What is Raw Honey

"Let food be thy medicine and medicine be thy food.​"


Raw honey is simply unprocessed honey, that is to say it comes straight from the hive to the table, there are essentially just two factors that determine the rawness of honey: temperature and texture. Really raw honey will be opaque, not the crystal-clear honey you find on supermarket shelves. Untreated honey like this tends to crystallize quite quickly, depending upon the variety (some types of honey are quick to crystallize, while others can take much longer). Recently harvested honey will have a more liquid consistency than earlier harvests. Genuine raw honey is never heated above 40 degrees Celsius, temperatures above this figure will destroy the enzymes and change the honeys natural state, taste and aroma. The filtering process employed for raw honey does not remove pollen unlike many finely filtered commercial honeys. Raw honey is simply strained to remove the unwanted wax and hive debris. Why choose raw honey? Because it is a concentrated source of natural goodness. All the healthy elements are still present and it contains its full complement of vitamins, minerals, enzymes, antioxidants, as well as having antibacterial properties.

Crystallisation is a perfectly normal process and sign of high quality healthy honey. All raw honeys will crystallize or set at different rates, they all contain glucose and fructose. The glucose forms the crystals naturally as well as crystals growing on the pollen grains over time. Crystal size will vary dependent on the flower types the bees choose to visit. It’s the glucose that crystallises and so some types of honey are more resistant to crystallization because they have low glucose. Crystallised honey is delicious to eat and tends not to be such a sweet explosion in the mouth, just allow the honey to slowly dissolve on your tongue. If you prefer your honey as a liquid then crystallisation can be reversed. Simply gradually warm your honey in a bowl of warm water until it loosens to a thick consistency. Constantly repeating this process will degrade the honey so it is probably best to do so in small batches. If possible store your honey at room temperature - not too hot or too cold. Keep out of direct sunlight, also cooler temperatures will hasten crystallisation.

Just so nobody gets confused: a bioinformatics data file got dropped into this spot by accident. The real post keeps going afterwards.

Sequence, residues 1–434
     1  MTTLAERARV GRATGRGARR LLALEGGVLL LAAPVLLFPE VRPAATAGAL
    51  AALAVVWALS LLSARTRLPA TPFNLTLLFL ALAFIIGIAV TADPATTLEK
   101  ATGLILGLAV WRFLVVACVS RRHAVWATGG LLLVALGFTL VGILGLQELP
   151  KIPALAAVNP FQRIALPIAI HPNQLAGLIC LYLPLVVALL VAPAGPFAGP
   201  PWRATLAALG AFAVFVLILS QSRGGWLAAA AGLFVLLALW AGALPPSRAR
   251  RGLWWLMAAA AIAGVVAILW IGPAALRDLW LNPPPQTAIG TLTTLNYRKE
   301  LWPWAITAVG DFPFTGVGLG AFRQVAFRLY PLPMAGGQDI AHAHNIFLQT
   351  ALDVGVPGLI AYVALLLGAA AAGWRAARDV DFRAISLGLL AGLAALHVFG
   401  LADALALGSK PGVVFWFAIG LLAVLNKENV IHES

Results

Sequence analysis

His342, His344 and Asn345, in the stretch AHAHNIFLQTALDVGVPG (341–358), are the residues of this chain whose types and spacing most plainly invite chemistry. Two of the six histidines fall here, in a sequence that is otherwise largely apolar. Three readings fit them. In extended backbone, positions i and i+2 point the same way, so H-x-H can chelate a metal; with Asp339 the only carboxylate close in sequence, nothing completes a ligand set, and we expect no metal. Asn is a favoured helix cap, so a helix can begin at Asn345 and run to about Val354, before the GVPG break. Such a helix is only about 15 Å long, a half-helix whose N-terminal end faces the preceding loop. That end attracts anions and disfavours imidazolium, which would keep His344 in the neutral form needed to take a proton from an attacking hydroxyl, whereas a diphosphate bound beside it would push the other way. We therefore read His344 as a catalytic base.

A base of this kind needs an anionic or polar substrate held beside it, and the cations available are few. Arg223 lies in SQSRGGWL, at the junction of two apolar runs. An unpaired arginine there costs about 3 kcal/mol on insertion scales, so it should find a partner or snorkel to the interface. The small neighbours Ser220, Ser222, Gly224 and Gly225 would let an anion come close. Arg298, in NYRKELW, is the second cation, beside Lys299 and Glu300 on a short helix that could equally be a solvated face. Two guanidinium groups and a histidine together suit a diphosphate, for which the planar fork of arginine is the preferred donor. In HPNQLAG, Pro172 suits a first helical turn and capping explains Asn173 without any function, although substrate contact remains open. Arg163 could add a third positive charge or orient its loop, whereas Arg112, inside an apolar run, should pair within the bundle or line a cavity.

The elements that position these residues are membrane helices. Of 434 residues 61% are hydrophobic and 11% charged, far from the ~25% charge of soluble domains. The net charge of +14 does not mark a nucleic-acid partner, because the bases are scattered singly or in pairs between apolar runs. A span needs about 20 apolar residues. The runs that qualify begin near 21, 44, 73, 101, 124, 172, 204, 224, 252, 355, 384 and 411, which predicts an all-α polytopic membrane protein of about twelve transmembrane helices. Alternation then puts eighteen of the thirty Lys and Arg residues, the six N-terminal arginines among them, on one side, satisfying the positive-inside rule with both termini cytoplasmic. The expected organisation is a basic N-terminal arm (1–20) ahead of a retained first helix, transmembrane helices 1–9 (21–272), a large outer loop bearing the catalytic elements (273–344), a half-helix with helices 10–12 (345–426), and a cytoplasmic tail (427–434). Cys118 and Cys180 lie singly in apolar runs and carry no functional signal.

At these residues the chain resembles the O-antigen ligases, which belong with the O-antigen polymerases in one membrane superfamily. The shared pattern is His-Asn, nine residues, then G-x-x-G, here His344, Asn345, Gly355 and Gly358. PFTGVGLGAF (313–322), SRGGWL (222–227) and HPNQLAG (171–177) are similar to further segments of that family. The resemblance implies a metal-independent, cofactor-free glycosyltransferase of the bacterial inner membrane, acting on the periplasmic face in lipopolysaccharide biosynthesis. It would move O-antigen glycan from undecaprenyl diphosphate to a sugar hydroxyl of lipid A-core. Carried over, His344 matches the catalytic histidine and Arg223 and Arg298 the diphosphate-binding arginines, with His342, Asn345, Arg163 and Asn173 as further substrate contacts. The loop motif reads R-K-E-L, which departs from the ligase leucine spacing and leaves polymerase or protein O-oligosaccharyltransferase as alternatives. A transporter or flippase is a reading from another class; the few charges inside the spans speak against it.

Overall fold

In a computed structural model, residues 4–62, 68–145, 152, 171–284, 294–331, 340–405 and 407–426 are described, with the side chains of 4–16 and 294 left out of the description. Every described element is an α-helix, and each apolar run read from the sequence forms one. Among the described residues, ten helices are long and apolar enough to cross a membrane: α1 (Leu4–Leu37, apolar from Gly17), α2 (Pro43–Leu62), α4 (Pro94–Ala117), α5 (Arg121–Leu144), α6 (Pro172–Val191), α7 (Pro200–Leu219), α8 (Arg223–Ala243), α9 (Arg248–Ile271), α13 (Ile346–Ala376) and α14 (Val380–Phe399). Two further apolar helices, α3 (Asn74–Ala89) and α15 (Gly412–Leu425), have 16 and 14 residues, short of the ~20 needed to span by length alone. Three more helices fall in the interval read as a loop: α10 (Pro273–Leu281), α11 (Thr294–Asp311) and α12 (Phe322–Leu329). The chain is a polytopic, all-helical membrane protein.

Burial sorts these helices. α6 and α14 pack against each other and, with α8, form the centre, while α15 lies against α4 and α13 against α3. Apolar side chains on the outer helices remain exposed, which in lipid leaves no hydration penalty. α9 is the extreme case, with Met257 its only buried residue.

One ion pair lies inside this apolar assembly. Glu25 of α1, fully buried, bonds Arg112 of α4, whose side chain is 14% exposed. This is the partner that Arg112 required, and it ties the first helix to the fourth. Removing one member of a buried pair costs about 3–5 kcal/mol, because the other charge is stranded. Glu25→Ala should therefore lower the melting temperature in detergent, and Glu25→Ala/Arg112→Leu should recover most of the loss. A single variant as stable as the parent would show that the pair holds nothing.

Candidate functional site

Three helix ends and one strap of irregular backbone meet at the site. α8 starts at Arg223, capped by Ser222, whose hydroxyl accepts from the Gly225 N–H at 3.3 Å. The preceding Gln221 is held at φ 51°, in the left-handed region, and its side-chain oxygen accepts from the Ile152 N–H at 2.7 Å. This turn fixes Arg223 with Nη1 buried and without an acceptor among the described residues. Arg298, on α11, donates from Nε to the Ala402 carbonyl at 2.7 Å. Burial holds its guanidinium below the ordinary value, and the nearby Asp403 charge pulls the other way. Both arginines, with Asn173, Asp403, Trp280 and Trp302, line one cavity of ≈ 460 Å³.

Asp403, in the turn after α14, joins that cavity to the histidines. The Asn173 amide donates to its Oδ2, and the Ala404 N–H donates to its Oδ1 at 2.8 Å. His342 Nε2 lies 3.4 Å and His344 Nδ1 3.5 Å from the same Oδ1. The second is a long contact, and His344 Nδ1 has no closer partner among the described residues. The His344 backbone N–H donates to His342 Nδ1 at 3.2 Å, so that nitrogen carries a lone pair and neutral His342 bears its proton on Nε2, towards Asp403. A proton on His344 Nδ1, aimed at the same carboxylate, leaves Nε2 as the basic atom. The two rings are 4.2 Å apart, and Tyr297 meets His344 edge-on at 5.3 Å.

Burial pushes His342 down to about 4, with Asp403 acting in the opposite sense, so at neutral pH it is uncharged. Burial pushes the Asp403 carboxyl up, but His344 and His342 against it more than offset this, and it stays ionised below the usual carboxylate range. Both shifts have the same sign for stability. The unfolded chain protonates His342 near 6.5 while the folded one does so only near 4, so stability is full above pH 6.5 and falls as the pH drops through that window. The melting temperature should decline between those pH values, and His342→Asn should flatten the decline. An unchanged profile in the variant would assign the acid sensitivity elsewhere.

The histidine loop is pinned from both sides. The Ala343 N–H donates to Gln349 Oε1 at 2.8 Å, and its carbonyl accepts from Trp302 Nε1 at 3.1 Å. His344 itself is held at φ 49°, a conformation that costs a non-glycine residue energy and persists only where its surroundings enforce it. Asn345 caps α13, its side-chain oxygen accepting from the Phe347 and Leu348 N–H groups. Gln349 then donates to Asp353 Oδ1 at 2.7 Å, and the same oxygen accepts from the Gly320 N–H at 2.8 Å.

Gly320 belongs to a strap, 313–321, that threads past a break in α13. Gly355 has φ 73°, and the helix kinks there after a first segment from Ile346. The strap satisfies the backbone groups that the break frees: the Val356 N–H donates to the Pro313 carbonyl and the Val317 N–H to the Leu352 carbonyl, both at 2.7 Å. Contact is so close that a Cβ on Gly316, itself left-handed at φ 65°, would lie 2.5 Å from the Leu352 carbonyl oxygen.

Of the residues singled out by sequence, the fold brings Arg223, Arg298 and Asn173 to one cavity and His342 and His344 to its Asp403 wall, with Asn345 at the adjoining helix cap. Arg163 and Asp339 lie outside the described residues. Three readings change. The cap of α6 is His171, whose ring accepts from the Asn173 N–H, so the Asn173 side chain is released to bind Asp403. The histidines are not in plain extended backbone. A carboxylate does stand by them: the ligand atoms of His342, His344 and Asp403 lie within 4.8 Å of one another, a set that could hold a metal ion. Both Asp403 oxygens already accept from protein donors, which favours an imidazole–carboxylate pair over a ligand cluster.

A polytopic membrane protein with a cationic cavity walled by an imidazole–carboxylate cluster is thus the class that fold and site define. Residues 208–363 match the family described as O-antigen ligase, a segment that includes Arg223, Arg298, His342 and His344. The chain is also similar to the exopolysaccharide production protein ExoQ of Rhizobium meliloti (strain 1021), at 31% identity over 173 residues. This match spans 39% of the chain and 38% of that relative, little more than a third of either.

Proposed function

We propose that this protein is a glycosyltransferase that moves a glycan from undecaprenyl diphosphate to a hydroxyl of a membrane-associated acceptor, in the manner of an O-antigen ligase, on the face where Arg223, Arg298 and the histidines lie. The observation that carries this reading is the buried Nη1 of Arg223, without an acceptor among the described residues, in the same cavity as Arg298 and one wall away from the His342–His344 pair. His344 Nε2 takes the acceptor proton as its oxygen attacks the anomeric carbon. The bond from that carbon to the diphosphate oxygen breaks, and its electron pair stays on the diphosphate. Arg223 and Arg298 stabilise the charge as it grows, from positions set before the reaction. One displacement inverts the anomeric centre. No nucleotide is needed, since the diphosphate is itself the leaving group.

Creamed honey or set honey sits between runny honey and crystallised honey. A special mixing process prior to bottling, creams the honey and makes it spreadable it has a gorgeous glossy smoothness, not grainy and none of the honeys unique properties are altered. Here in the UK the preference is for runny or set honey, however light coloured runny honey will crystallise quite quickly unless of course at or before the packing process the honey has been subjected to overheating which kills the enzymic activity and if very fine filtered the majority of the pollen is removed. The resultant liquid is really just a sugar syrup and is certainly not considered a healthy addition to one’s diet!